27 November 2009 0
When you give something a name, you don’t necessarily get to decide what people are going to call it. It’s more a case of proposing a name, which the public can then accept, reject or subvert.
Recently Newcastle United’s hallowed ground St James’ Park was renamed Sportsdirect.com@ St James’ Park. There are plenty of better places on the internet you can go for a breakdown of the staggering wrongness of this, but from my point of view as a part-geordie who is all but oblivious to football, the main point is that nobody is going to call it that. At least not without plenty of irony, before launching into an expletive-filled rant at Mike Ashley. Even if it was “officially” called Sportsdirect.com@St James’ Park for a million years, geordies would still not be heard saying to each other in the pub: “Ah cannut wait to see the toon thrash Man U at Sports Direct Dot Com At Saint James’ Park on Saturday.”
Nowadays (largely thanks to the interweb) this sort of branding abuse extends to punctuation, with so many firms deciding they’ll look cooler if they throw in some lower-case letters in odd places, or a colon in the middle or some other nonsense. AOL just became “Aol.” Why?? Are we supposed to start saying “Ay, lower-case oh, lower-case el, full stop”?
Sometimes companies that have given themselves tossy names see sense and put them right again, waking up one morning and realising that they’ve been off their faces on the noxious fumes emitted by branding consultants. Perhaps most famously in recent years, Royal Mail briefly became Consignia, but when the entire nation simultaneously cringed, it went back to Royal Mail. Check out the diagram at the top of this article for an example of the sort of toss that led them to imagine Consignia was a good idea.
Abbreviations offer some even weirder examples of branding abuse. Did you know that the British Medical Journal is no longer called the British Medical Journal? Officially it’s just ‘BMJ’. Of course, that still means ‘British Medical Journal’ and it remains a medical journal from a place called Britain, and the press still refer to it as the British Medical Journal because that’s what it is, but officially it’s BMJ.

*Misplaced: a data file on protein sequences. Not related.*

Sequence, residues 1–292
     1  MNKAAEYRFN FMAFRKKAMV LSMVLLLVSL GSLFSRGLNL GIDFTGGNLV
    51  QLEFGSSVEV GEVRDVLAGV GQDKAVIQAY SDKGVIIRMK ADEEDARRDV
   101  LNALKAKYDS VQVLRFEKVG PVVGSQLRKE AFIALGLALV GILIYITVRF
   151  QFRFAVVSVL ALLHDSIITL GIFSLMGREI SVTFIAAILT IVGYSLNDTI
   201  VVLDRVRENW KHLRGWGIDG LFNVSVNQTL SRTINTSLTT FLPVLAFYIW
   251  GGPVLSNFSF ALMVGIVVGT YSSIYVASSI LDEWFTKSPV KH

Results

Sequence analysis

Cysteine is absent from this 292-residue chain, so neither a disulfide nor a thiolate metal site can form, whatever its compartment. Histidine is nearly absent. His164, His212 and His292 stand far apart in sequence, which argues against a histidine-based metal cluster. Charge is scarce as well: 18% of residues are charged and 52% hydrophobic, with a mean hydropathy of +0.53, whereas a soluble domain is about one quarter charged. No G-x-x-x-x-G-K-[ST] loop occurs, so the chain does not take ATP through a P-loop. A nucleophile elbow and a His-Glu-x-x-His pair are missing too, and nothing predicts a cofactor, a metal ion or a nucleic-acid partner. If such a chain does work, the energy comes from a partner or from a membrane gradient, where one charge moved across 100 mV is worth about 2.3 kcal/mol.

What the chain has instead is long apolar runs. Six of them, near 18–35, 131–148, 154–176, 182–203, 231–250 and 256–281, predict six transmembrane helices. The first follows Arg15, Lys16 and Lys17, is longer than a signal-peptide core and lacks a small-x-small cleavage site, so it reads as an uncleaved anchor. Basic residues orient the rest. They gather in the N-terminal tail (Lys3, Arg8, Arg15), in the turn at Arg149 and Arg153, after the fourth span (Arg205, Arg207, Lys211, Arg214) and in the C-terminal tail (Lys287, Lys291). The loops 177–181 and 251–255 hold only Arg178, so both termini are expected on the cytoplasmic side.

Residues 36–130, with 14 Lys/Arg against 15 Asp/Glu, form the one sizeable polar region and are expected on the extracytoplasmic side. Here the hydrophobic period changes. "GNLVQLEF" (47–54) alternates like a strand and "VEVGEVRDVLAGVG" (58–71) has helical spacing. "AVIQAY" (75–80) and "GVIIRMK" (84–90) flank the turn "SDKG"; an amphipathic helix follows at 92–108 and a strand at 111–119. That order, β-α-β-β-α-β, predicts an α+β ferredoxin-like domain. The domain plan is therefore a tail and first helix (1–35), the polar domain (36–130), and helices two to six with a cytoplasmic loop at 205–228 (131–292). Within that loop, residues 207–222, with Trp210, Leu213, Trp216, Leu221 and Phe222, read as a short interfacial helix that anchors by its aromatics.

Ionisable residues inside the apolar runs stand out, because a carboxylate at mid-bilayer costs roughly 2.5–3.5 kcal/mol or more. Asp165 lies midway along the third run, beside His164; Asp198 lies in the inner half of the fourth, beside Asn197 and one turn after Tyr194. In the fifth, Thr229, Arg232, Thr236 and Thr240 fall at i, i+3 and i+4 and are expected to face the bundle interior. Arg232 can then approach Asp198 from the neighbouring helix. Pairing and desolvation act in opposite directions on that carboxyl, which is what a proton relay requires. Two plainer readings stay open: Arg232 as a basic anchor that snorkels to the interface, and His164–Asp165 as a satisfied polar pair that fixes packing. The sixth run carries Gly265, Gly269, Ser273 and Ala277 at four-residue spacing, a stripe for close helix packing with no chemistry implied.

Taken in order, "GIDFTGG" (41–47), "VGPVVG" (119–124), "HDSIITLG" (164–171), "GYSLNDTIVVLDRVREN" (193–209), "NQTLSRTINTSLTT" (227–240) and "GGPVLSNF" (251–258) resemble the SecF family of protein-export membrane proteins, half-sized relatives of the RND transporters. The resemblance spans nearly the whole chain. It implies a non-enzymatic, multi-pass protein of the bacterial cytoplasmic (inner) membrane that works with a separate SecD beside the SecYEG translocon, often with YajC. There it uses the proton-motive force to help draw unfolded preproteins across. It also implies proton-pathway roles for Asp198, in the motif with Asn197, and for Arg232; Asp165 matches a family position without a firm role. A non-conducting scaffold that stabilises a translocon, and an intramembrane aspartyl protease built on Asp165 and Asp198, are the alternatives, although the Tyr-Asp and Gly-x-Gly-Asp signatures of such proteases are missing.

Similarly, the advertiser body ISBA used to be the Incorporated Society of British Advertisers, a does-what-it-says-on-the-tin sort of a name. But you won’t find any reference to the full name in any of its materials these days. If you ask what ISBA actually is then they’ll tell you it’s “The Voice of British Advertisers”. Fair enough, but you don’t have to be unusually inquisitive to wonder what it stands for, do you? I’m guessing that the reasoning behind this was that “The Incorporated Society of British Advertisers” sounded way too stodgy and old-fashioned. ISBA does, after all, exist in the flashy world of advertising, where branding is everything.
Still, I hold out hope that, as every other organisation you come across gets itself a tossy name, we’ll eventually see the pendulum swing back, so that we again start to see bodies called things like the North British Locomotive Company (no doubt about what they do) and The Artisans’, Labourers’ and General Dwellings Company.